Updated: Jun 9, 2020
The Tibia & Fibula are the bones of the leg. This can sometimes be confusing as most individuals think that the leg is from the hips to the foot. If we are being anatomically correct, the leg is from the knee to the ankle.
The weight bearing bone in the leg is the tibia, meaning that the tibia is what takes the heat of your body weight and the fibula is … well it’s just there. Because the fibula is non-weight bearing you can break the fibula and technically still walk around and have relatively no pain. However, if you were to dislocate it pain can be present. Trust me it’s not very fun! I fractured my fibula in 4 places, dislocated the distal tibiofibular joint, and tore some ligaments on top of it.
There are three articulation points within the tibia and fibula. This is in reference to the fibula meeting with the tibia:
1. The Proximal Tibiofibular Joint - the head of the fibula meets with the lateral condyle of the tibia.
2. The Distal Tibiofibular Joint - where the distal end of the fibula meets with the fibular notch of the tibia.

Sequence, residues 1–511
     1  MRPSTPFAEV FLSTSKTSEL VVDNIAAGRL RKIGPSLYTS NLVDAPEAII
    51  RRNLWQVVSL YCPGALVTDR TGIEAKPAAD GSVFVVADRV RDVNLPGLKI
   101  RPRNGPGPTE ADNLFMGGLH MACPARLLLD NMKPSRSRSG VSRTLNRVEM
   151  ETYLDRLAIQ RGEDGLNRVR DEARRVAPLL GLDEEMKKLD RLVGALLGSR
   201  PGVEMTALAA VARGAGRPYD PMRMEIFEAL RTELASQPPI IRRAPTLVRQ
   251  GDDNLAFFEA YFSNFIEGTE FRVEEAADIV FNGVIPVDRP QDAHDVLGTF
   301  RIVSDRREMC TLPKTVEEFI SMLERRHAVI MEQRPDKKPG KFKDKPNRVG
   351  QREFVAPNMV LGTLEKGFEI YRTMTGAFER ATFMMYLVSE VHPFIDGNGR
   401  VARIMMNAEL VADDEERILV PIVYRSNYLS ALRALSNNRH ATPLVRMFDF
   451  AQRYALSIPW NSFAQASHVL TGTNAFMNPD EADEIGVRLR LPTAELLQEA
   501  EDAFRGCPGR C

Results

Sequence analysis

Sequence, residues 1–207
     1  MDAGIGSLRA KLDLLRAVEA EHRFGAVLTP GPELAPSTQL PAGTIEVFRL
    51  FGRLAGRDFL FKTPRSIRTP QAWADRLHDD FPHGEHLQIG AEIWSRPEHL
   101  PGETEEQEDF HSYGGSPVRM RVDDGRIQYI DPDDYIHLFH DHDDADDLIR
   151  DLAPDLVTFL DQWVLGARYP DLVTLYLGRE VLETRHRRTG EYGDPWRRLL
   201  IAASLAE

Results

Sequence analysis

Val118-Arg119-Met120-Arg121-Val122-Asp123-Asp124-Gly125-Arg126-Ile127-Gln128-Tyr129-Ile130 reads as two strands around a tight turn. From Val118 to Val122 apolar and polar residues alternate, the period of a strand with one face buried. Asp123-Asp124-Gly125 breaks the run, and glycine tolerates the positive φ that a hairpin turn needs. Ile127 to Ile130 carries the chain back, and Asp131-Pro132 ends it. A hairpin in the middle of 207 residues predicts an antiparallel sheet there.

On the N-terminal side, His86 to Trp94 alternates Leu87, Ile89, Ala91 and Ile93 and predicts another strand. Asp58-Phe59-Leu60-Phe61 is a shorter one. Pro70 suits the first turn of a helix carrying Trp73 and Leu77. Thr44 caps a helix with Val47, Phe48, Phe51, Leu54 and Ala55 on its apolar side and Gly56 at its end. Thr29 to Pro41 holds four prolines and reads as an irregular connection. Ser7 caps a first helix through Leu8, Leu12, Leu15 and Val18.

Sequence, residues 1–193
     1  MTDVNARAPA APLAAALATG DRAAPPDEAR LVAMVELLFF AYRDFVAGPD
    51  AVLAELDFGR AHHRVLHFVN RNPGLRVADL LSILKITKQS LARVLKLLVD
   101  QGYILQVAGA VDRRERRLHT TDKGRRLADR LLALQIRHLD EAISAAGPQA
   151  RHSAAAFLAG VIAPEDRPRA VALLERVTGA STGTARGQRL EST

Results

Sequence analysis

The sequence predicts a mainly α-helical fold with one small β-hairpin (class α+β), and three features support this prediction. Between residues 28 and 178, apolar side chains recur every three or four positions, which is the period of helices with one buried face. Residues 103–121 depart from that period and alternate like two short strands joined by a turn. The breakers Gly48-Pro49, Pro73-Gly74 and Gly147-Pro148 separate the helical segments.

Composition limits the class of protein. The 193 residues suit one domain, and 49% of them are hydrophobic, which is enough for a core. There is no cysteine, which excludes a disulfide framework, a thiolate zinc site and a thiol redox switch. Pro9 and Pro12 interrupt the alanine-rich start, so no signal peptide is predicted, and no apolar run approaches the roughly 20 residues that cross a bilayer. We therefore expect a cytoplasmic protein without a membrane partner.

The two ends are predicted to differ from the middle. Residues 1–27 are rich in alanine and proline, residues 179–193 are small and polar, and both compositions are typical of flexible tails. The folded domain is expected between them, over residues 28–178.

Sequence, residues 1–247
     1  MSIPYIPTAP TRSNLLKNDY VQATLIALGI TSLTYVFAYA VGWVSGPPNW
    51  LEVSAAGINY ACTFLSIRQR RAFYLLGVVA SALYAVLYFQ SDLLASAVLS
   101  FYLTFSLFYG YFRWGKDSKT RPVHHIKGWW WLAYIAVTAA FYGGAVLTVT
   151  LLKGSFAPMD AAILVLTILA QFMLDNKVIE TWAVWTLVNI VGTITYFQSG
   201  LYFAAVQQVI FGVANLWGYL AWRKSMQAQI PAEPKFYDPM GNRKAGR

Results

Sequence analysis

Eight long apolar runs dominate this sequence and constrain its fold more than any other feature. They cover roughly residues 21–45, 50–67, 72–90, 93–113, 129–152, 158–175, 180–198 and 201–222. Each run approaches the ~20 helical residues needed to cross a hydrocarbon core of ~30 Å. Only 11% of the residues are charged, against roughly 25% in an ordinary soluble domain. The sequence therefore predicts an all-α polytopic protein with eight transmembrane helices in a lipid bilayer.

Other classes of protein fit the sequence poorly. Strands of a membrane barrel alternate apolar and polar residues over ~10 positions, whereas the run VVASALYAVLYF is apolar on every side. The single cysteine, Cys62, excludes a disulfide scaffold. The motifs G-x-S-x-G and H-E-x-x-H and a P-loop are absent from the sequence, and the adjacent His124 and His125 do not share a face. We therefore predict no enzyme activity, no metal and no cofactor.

3. The Talocrural Joint - where the tibia and fibula meet with the talus of the foot.
But which side does the tibia and fibula sit on? One way to remember the placement (medial and lateral) of these two bones is a simple little saying.
“The tibia tells a little fib.”
Let’s read into this a bit more…
“The tibia tells a little fib.” The fib(ula) is little compared to the tibia.
“The tibia tells a Little fib.” The fibula is Lateral to the tibia and the L in little stands for the lateral as well as the little.
Now that we got that out of the way, here are resources for the structures of the tibia and fibula:
Don’t forget to look at the YouTube video and to share!
1. Lateral Condyle
2. Medial Condyle
3. Tibial Tuberosity
4. Anterior Tibial Crest
5. Medial Malleolus
6. Fibular notch
7. Proximal (or head) End
8. Lateral Malleolus
9. Malleolar Fossa
Posterior Tibia & Fibula
1. Intercondylar Eminence
2. Head (the “tables” of the tibia)
3a. Lateral Condyle
3b. Medial Condyle
4. Proximal End/Head of Fibula